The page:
Analyte detection in a WCRS chip

The major application of this device is to perform Raman spectroscopy on analytes. Along with the Raman spectroscopic information, the recorded spectra also contains fluorescence information from the sample, which may be advantageous8 or disadvantageous,9 depending on the sample of interest. We demonstrated that urea in water could be detected to a physiologically relevant concentration with this device with reasonable excitation power and relatively low acquisition time.4,7 Raman spectroscopic measurements of various organic compounds were also performed using this device.7 The information recorded with the device is versatile for performing Raman spectroscopy-based chemometrics on very small volumes of an analyte.

Analysis of single malt Scotch whisky

As mentioned above, the WCRS device was used to analyse single malt Scotch whisky,8 see Figure 2. The acquired spectra showed Raman bands from ethanol and a broad fluorescence background. Using the partial least squares (PLS) method, the alcohol concentration of the sample was predicted. Further, using the multivariate statistical analysis approach of principal component analysis (PCA)-based clustering, a correlation between the broad fluorescence background and aromatic feature of the Scotch whisky was revealed, allowing a clear delineation of whisky type.

Scope of WCRS devices

Beyond being an analyte detection device, the WCRS device may also be combined with other microfluidic functionalities. It has already been demonstrated that it is possible to monitor micro-reaction and probe micro-droplets using WCRS.7 Hence, a WCRS-based device may have a variety of applications ranging from chemical fingerprinting of low volumes of an analyte to online process monitoring. The completely alignment-free nature makes it possible for a non-optics expert to use this device.

Another key feature of this device is its fabrication cost. Since the chip can be fabricated by soft-lithography or injection moulding and does not require any millimetre size filters at the tip of the probe, the cost of the device can be at least two orders of magnitude lower than a commercially available fibre-optic Raman probe. Since the optical signal is delivered and collected through optical fibres, with appropriate light-proof shielding of the chip, it is even possible to use the device for measuring the Raman spectrum of analytes in broad daylight. This would make it more amenable for various field applications.


“Lab-on-a-chip” technologies enable the use of miniscule sample volumes for a range of analyses. In optofluidic devices in which optical techniques are combined with microfluidics, it is important to ensure a smaller footprint and alignment-free nature to make it appealing for field applications. WCRS is an example where these criteria are satisfied, with the added advantage of low cost for fabricating this optofluidic chip. These devices can have applications in various fields such as point-of-care diagnostics, environmental sensing, food and drink sensing and online process monitoring.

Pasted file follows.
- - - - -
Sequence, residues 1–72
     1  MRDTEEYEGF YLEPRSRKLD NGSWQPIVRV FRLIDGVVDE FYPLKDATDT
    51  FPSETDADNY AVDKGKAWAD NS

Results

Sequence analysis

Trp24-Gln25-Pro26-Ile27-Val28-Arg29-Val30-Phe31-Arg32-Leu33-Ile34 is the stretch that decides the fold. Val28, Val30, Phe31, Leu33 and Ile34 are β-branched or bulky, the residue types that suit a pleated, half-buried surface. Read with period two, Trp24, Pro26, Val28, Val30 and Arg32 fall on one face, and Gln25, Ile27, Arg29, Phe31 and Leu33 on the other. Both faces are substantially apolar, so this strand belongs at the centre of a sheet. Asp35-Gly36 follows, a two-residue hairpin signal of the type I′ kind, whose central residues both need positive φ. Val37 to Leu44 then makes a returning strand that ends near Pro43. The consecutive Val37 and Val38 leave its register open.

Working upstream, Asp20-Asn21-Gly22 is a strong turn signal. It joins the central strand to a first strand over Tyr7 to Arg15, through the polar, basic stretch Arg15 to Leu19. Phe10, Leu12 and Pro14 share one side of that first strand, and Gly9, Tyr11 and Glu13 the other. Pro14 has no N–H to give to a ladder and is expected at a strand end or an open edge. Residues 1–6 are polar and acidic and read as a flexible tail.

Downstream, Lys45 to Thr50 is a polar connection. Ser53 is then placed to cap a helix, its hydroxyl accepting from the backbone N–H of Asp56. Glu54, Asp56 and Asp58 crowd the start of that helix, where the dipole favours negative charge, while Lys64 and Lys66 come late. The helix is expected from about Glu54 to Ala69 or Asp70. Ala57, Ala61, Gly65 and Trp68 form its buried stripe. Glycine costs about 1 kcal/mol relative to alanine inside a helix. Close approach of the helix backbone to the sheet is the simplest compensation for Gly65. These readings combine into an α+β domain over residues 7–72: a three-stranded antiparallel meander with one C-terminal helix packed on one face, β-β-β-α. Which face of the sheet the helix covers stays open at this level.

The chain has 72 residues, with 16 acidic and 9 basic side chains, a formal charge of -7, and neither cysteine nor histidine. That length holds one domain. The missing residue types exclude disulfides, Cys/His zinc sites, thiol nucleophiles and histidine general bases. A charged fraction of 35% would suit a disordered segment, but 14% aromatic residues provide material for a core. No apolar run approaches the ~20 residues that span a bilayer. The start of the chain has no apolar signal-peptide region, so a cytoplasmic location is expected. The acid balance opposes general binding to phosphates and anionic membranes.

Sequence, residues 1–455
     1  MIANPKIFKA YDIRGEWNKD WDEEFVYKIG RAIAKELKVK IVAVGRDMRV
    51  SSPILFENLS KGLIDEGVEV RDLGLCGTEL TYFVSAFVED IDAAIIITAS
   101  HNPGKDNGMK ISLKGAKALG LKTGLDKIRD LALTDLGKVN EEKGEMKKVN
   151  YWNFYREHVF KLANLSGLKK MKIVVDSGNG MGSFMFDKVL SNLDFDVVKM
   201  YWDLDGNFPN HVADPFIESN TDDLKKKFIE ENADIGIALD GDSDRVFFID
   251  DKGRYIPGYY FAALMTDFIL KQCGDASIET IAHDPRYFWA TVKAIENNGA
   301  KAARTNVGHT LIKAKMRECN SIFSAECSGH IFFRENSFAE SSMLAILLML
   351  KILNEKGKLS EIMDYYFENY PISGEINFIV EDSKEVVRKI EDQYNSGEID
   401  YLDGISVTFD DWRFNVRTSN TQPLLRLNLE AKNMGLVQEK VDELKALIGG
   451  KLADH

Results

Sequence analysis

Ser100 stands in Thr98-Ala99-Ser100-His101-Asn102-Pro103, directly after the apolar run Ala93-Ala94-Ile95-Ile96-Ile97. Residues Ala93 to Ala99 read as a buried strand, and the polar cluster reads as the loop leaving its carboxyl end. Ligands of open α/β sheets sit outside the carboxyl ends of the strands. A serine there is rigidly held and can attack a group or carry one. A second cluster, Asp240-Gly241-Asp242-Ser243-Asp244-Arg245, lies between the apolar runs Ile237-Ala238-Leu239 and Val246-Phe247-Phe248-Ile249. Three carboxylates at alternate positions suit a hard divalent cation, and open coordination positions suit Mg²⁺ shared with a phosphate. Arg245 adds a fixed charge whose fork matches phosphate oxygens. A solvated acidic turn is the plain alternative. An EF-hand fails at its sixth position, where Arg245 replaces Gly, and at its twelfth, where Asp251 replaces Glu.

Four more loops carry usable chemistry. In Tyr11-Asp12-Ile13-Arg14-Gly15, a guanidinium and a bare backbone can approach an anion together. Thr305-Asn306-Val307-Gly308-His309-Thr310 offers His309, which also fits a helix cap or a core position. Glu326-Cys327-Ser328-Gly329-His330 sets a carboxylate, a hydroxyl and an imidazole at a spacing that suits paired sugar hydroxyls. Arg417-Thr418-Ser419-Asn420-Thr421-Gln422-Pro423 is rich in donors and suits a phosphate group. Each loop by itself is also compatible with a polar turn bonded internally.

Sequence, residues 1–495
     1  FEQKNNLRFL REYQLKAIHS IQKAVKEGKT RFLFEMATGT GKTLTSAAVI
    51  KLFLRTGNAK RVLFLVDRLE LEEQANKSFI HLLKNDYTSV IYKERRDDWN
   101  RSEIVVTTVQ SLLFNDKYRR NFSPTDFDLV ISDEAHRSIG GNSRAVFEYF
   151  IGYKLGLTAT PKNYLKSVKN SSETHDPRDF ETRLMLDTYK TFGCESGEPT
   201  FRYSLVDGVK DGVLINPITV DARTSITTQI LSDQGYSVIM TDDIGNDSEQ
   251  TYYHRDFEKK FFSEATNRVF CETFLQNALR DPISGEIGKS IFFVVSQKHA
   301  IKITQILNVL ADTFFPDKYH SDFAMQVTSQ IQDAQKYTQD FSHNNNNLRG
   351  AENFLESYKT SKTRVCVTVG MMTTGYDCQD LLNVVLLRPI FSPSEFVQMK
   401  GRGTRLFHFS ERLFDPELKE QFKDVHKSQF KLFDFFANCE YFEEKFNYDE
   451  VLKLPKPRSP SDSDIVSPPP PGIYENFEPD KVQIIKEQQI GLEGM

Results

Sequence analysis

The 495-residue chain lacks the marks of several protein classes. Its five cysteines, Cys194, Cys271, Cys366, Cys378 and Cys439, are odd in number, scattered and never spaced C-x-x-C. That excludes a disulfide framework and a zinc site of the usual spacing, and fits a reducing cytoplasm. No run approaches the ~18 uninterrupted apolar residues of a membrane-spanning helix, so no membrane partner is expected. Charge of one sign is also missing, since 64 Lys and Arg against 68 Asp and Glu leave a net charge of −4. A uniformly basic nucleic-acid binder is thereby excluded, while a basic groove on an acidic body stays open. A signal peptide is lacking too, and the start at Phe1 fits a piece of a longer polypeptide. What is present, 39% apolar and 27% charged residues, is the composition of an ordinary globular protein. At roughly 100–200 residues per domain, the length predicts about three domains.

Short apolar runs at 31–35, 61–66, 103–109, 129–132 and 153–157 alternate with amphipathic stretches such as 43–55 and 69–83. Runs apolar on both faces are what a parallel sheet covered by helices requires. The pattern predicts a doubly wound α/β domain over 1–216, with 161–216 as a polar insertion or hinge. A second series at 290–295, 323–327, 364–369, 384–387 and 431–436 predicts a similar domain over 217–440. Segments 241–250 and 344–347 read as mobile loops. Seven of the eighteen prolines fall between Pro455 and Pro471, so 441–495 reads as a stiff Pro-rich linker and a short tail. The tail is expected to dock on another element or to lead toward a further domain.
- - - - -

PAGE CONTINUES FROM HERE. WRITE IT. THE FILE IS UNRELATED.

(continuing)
1. D.V. Petrov, “Raman spectroscopy of optically trapped particles”, J. Opt. A—Pure Appl. Op. 9, S139–S156 (2007). doi: 10.1088/1464-4258/9/8/S06
  2. P.J. Viskari and J.P. Landers, “Unconventional detection methods for microfluidic devices,” Electrophoresis 27, 1797–1810 (2006). doi: 10.1002/elps.200500565
  3. J.T. Motz, M. Hunter, L.H. Galindo, J.A. Gardecki, J.R. Kramer, R.R. Dasari and M.S. Feld, “Optical fiber probe for biomedical Raman spectroscopy”, Appl. Optics 43, 542–554 (2004). doi: 10.1364/AO.43.000542
  4. P.C. Ashok, G.P. Singh, K.M. Tan and K. Dholakia, “Fiber probe based microfluidic Raman spectroscopy”, Opt. Express 18, 7642–7649 (2010). doi: 10.1364/OE.18.007642
  5. S. Mozharov, A. Nordon, J.M. Girkin and D. Littlejohn, “Non-invasive analysis in micro-reactors using Raman spectrometry with a specially designed probe”, Lab Chip 10, 2101–2107 (2010). doi: 10.1039/C004248j
  6. P.C. Ashok and K. Dholakia, “Microfluidic Raman spectroscopy for bio-chemical sensing and analysis”, in Optical Nano- and Microsystems for Bioanalytics, Ed by W. Fritzsche and J. Popp. Springer, Berlin, Germany, pp. 247–268 (2012). doi: 10.1007/978-3-642-25498-7_9
  7. P.C. Ashok, G.P. Singh, H.A. Rendall, T.F. Krauss and K. Dholakia, “Waveguide confined Raman spectroscopy for microfluidic interrogation”, Lab. Chip 11, 1262–1270 (2011). doi: 10.1039/c0lc00462f
  8. P.C. Ashok, B.B. Praveen and K. Dholakia, “Near infrared spectroscopic analysis of single malt Scotch whisky on an optofluidic chip”, Opt. Express 19, 22982–22992 (2011). doi: 10.1364/OE.19.022982
  9. P.C. Ashok, A.C.D. Luca, M. Mazilu and K. Dholakia, “Enhanced bioanalyte detection in waveguide confined Raman spectroscopy using modulation techniques”, J. Biophot. 4, 514–518 (2011). doi: 10.1002/jbio.201000107